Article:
The makers of this series wisely double (and even triple) down on character development and explore creative ways of telling their story. Consequently, Rectify isn’t shy about dipping its toe into surrealism (Daniel’s outing with a “goat man” in season 1’s “Drip, Drip”; season 2 has him get into some drug-fueled escapades at a party in Ep. 5/“Act As If”) and symbolism (a fallen tree branch and a kitchen renovation are each recurring motifs). I also enjoyed Ep. 4/“Donald the Normal,” in which Daniel takes a road trip to Atlanta and gets to be someone else for a little while. That episode features a guest turn from Frances Fisher, one of the few times Rectify cast a relatively well-known actor for a one-off role. (In season 1, it was Hal Holbrook as Daniel’s original attorney.)
That’s not exactly a defect because the show’s regular cast is pretty outstanding. I’ll admit that it took me a while to warm up to Young’s deliberate, monotone portrayal of Daniel. It probably helped that season 2’s first couple of episodes feature a heavy dose of Daniel in his prison days; ironically, the actor seems most alive during the scenes when Daniel is on death row. But spending more time with the character and the performer made me appreciate the full scope of his performance. I’m particularly taken with the way Daniel carries himself as if the whole weight of the world rests on his shoulders. Young projects both danger and serenity. That duality bounces nicely off Clemens’ unabashedly graceful work as Tawney, who also represents one of the most curious and open-hearted portrayals of a religious person I can remember on TV. (Or anywhere else.)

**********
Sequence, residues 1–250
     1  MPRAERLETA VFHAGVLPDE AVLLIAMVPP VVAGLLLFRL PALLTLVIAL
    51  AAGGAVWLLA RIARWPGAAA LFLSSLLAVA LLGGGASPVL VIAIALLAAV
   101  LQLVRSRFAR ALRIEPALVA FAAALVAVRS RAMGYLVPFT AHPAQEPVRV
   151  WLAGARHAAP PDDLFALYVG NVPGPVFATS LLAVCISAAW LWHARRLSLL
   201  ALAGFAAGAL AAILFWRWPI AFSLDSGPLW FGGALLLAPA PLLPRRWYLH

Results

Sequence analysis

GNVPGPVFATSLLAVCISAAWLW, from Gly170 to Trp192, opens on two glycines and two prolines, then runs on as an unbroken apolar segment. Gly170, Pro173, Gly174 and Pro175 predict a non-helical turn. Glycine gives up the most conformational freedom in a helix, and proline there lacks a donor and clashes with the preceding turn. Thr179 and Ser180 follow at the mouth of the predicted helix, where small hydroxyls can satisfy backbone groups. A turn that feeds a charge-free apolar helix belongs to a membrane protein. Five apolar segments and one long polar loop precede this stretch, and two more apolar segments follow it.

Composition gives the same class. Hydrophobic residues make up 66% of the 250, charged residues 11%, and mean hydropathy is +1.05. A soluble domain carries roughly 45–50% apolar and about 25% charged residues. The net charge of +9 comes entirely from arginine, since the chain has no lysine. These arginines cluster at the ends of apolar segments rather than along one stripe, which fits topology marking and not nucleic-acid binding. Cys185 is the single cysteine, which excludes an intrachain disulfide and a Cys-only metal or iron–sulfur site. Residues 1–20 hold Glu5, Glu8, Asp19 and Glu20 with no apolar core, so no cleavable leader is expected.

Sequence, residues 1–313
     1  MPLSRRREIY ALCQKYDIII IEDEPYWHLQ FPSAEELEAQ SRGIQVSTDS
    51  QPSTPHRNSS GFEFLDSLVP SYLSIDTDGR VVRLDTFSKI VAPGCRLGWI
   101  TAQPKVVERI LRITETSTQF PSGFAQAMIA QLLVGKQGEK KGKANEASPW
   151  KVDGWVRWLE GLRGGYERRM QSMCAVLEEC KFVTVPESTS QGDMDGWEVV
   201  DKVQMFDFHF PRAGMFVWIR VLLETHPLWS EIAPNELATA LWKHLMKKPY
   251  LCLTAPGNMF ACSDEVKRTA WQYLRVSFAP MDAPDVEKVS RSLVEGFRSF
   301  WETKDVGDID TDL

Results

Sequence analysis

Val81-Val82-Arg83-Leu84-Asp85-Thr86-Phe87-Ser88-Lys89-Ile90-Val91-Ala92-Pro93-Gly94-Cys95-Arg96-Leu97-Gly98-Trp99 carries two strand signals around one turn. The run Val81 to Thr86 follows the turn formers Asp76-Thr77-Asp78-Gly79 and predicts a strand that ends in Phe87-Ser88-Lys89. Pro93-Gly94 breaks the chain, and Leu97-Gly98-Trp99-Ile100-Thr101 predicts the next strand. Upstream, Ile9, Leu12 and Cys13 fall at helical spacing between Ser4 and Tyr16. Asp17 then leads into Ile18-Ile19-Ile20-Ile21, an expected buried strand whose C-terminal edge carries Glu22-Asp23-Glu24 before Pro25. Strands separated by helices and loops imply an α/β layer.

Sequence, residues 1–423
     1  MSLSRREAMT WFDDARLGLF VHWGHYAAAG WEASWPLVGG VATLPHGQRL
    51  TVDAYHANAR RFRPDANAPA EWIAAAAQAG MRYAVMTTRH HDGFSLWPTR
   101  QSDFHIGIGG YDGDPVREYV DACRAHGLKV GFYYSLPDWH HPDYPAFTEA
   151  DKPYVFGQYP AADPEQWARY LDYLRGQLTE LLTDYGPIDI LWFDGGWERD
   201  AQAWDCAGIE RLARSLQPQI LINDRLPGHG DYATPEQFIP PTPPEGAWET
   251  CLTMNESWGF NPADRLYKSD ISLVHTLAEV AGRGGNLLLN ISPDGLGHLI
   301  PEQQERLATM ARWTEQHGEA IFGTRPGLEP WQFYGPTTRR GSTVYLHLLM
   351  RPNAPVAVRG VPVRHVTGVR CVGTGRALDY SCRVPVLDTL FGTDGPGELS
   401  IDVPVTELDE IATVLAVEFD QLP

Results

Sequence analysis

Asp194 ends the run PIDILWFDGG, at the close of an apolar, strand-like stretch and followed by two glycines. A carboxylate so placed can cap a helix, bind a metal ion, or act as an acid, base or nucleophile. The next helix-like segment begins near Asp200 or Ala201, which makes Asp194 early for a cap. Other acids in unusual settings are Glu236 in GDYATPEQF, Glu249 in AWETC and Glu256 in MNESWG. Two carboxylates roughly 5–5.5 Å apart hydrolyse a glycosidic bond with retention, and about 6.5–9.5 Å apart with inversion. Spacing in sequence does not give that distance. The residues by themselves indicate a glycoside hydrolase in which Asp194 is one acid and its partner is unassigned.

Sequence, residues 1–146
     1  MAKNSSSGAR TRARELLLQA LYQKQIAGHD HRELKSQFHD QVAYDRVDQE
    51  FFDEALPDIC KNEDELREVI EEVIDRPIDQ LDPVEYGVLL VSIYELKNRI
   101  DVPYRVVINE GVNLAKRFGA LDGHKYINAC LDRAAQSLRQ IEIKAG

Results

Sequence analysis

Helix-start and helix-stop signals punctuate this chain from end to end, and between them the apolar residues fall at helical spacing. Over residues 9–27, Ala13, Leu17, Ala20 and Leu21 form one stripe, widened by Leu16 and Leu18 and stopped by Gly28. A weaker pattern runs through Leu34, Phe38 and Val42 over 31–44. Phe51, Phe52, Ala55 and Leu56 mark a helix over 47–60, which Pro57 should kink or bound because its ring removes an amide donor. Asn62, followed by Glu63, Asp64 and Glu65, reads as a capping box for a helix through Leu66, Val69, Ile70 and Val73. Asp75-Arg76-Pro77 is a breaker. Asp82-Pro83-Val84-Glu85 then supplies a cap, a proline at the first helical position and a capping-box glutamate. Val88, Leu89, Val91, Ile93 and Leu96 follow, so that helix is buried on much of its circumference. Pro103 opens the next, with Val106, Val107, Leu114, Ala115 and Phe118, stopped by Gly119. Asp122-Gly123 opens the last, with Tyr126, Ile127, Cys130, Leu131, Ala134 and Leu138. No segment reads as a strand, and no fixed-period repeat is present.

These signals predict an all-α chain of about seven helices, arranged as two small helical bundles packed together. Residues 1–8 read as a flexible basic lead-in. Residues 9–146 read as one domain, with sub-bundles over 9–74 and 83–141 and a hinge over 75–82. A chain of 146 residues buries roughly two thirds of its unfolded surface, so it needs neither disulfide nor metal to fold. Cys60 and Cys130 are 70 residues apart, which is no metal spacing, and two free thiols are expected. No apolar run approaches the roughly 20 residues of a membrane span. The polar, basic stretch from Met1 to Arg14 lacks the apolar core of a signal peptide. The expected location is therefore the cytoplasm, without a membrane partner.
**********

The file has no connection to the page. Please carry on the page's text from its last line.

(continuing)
My favorite actor, however, is probably the most hiss-worthy character. (Well, besides Michael O’Neill’s prosecutor-turned-senator Roland Foulkes, who is loath to see the most high-profile conviction of his career overturned. But even Sen. Foulkes believes he has righteousness on his side.) I’m talking about Crawford’s work as Teddy, who can alternately be seen as the bizarro version of Daniel or the market correction that took Daniel’s place once went to prison. (Teddy and his dad, played by Bruce McKinnon, run the tire store that was supposed to be passed to Daniel.) Teddy is cowardly and passive-aggressive where Daniel is bracingly direct. Both feel like they have little control of their lives, even though Teddy hasn’t spent a minute in prison. Crawford makes the character’s fear and insecurity relatable. It’s also hard to ignore Spencer’s fierce work as Daniel’s protective sister. Amantha has spent her entire adult life working to clear Daniel’s name. As a result, she forgot to get a life of her own, which is nicely portrayed as Amantha debates staying in Paulie to be near Daniel or accepting Jon’s offer to leave Georgia behind.
Rectify: The Complete Second Season features all 10 episodes on three discs. The lone special feature is a standard/promotional “Rectify: Season 2” mini doc. Season 2 ends with a pulse-pounding, confessional cliffhanger that cruelly places Daniel in the same position he was in almost two decades earlier. We still don’t know definitively what Daniel did (or didn’t do) all those years ago, but the finale left enough story threads dangling — including a potential new threat to Daniel’s freedom — to make me excited to see what happens once season 3 premieres in July.